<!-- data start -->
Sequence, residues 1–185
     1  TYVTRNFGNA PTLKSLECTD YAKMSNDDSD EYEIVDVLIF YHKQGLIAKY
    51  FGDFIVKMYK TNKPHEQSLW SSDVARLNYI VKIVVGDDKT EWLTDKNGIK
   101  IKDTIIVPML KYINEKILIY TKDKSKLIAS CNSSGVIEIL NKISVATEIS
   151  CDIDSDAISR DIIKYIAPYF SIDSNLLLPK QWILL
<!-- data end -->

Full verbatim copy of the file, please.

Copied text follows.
Sequence, residues 1–185
     1  TYVTRNFGNA PTLKSLECTD YAKMSNDDSD EYEIVDVLIF YHKQGLIAKY
    51  FGDFIVKMYK TNKPHEQSLW SSDVARLNYI VKIVVGDDKT EWLTDKNGIK
   101  IKDTIIVPML KYINEKILIY TKDKSKLIAS CNSSGVIEIL NKISVATEIS
   151  CDIDSDAISR DIIKYIAPYF SIDSNLLLPK QWILL